August 22, 2012

It will be the final season for "The Office" — and "all questions will be answered."

Including who's been making the documentary. Who are the people on the other side of the fictional camera that the characters have been talking to all these years? And why would any documentary about a relatively dull and unimportant office keep filming and filming for 9 years?
The news has no impact on the possible Dwight-centric spin-off The Farm, which will be introduced in an episode of The Office to air this fall.
Via Throwing Things, which says "Do we care about Schrute Farms, which is apparently going to make its first appearance as a backdoor pilot during this season?" and which also notes:
Starting next January, ABC is flip-flopping Nightline and Jimmy Kimmel Live, with Kimmel going head to head with Letterman and Leno.  I'm not a huge Kimmel fan, but will be interesting to see how folks respond to a younger option in the timeslot.
I think it says something about American politics that the run-up to a presidential election seemed like the right time to make it harder to watch the serious news analysis show. (Cue the comments that Nightline is more comedy that Kimmel could ever hope to be.)

17 comments:

EMD said...

This would have been great 4 years ago.

ricpic said...

Speaking of hell: since so many people spend most of their lives in an office and an office is hell most people must want to be in hell.

rick rogers said...

I wish that the UK version of "The Office" had run for as many seasons as the US version. The UK version was so much better.

LarsPorsena said...

Blogger rick rogers said...

I wish that the UK version of "The Office" had run for as many seasons as the US version. The UK version was so much better.
________________________________

Me too. The American version is a pale imitation.

Crunchy Frog said...

I think it says something about American politics that the run-up to a presidential election seemed like the right time to make it harder to watch the serious news analysis show.

Because there are of course no cable alternatives dedicated to news coverage on a 24/7 basis.

Shana said...

I tend to prefer British TV, but in this case I prefer the U.S. version. I mean c'mon, Michael cooked his foot on the George Foreman Grill.

Lyssa said...

I've never been able to really get the appeal of The Office. I wanted to like it; people who like a lot of other comedy that I like seem to like it, but I've given it a few opportunities, and it just doesn't strike me as funny, at all.

Never seen the Brit version, though.

Shanna said...

Were people actually super worried about who the documentary team is?

I like the show but I really, really don't care. This isn't a mystery that needs to be solved.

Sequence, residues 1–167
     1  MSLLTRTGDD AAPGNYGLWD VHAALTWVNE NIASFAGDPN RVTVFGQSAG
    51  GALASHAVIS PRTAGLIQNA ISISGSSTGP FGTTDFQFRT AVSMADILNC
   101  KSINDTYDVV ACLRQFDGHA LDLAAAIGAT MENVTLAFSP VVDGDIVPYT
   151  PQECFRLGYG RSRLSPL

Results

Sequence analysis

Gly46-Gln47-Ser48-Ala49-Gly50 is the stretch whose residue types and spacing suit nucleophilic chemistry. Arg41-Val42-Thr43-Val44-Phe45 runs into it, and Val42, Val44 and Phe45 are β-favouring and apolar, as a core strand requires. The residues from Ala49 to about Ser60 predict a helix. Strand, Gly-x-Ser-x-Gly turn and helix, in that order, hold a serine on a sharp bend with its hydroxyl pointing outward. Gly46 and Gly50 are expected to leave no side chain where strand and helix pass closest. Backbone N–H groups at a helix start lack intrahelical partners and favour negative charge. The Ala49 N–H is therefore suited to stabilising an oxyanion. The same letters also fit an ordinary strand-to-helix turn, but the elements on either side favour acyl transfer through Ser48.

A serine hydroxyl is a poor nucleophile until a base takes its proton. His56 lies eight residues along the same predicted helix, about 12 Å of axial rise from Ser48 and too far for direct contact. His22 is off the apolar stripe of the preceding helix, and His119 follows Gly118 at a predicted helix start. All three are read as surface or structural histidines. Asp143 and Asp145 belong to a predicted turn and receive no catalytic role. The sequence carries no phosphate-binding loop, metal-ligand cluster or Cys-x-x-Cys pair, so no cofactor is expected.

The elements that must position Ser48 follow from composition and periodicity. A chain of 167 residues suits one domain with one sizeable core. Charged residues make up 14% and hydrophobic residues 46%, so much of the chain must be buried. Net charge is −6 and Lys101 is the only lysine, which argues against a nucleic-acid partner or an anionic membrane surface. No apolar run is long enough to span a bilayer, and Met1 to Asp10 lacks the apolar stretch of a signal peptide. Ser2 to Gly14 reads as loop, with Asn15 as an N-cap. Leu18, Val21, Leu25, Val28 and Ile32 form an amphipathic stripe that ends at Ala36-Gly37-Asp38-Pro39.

Curious George said...

US The Office was great...but jumped the shark mid last season.

tim maguire said...

Nightline is more comedy that Kimmel could ever hope to be!

jeff said...

I feel bad, I didnt really have any questions.

Thorley Winston said...

I tend to prefer British TV, but in this case I prefer the U.S. version.

Agreed on both counts. I tried watching the UK version (saw the Pilot and the Christmas special) and just found it boring and depressing. Even though the last two seasons have been kind of lackluster, the US show still had better writers, better comic timing and I found that I still cared what happened to the characters.

Probably won’t watch the Dwight Schrute spinoff though.



EMD said...

I wish that the UK version of "The Office" had run for as many seasons as the US version. The UK version was so much better.

That's the reason it's better. The Brits are smart about cutting a series (season) down to six or 10 shows.

Twenty-two episodes a seasons means the writers and producers are out of gas by the time they hit the end of the second season.

One hundred is a magical number in American programming. It's the threshold for syndication, which means a ton more money.

Crunchy Frog said...

Nightline is more comedy that Kimmel could ever hope to be!

And Kimmel is more politically relevant.

sane_voter said...

Never liked The Office. For my taste it was either way too excruciating or too stupid to be remotely believable. Pam was cute, though.

Shawn L. said...

All the things that made Nightline unique when it debuted are now commonplace… excepting Ted Koppel.

Amusingly enough, on Wikipedia I just came across Koppel's last words from his last night as Nightline's anchor:

"You've always been very nice to me, so give this new anchor team for Nightline a fair break. If you don't, I promise you the network will just put another comedy show in this time slot. Then you'll be sorry."

Not that one needed to be Nostradamus to see it coming.

Taylor Lourdes said...

I really hope they deliver something awesome when it comes to who the documentary crew has been all this time. One of my co-workers at Dish suggested maybe they’ll be people from the original British version of The Office, and now I can’t imagine what else they could come up with that would be better than that. I’m planning to record this last season with my Hopper, since I just got onto the night shift at my job and won’t be home to watch it live. It’s nice to be able to count on the Prime Time Anytime feature recording everything on all four major networks every night so I can get caught up in time for the next day. As much as The Office may have overstayed its welcome, it’ll still be weird to see it off the air.